Funding agencies often ask you to identify the types of data that you are producing and the types of data that you will retain for sharing. This section of your DMP is often called “Types of Data,” and funding agencies are interested in details about the kind of data you are collecting, how it is being collected, an estimated amount of how much data will be collected and saved along with the initial file formats produced. The first phase of drafting a data management plan should be to make an inventory of the data you plan to collect, including:

  • The type of data being collected and the software required to work with the data:
    • Examples of types of data: spatial, temporal, observational, experimental, simulations or models, survey responses, etc.
    • Specify if any software is necessary to work with the data files
  • How the data is being collected, generated, etc.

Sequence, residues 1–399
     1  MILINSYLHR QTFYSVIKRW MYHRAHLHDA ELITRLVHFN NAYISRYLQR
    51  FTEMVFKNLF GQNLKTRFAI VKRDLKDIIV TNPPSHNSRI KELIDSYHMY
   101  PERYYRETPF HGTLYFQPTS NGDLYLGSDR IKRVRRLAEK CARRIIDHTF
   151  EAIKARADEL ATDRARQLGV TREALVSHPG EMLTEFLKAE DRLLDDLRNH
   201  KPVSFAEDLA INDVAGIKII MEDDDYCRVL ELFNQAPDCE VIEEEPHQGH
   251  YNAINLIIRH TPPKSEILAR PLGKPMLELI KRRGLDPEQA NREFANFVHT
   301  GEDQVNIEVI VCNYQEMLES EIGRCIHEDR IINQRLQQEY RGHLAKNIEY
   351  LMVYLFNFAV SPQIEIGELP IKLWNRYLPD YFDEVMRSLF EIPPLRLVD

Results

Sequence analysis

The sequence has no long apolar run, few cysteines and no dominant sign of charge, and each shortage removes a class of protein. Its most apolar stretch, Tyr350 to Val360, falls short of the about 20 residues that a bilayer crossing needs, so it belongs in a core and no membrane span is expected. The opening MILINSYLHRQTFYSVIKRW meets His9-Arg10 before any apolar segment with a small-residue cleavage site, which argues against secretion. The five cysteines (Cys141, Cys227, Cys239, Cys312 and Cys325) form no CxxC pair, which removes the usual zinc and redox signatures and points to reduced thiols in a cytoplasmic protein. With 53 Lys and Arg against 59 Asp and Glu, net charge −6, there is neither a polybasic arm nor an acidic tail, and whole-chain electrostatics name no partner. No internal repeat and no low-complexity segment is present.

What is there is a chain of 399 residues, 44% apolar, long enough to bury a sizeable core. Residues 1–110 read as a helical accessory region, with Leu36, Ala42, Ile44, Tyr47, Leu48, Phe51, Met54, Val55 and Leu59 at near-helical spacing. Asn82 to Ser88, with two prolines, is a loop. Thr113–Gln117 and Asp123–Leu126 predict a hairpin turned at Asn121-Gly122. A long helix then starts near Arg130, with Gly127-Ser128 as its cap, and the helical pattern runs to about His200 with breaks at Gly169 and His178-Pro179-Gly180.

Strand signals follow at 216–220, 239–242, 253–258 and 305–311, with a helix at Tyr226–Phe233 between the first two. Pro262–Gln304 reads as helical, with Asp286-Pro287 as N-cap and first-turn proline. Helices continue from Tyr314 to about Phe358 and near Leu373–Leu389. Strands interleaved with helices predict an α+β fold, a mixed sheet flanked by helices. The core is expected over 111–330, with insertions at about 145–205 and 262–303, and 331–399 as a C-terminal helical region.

• Examples: recorded interviews, surveys, models, sensors, image analysis, DNA sequencing, word counts, camera traps, etc.
  • Estimates of how much data will be collected and of that data, how much will be saved
  • How the data will be saved and the types of files being produced
    • This often refers to the final format for the data, or the format in which it will be shared
    • PDF (portable document format), .csv (comma-separated values), .docx (Microsoft Word), .txt (plain-text), etc.


  • It is always recommended to use open file formats rather than proprietary formats, when possible. This makes the data easier to share, work with across platforms and programs, and will make preserving and archiving the data easier. See our table on sustainable data formats for recommendations on various types of data formats.
  • Using a database can be helpful in organizing data, but it is often difficult to export data from a database for future re-use. If you plan on using a database to manage your data, you will need to think about how others will be able to access and export data from it.

Writing Prompts:

  • What type of data is it?
  • How will the data be collected?
  • What file types will the data be saved as?

This content was adapted from Iowa State University Library’s Data Management Plan Guide.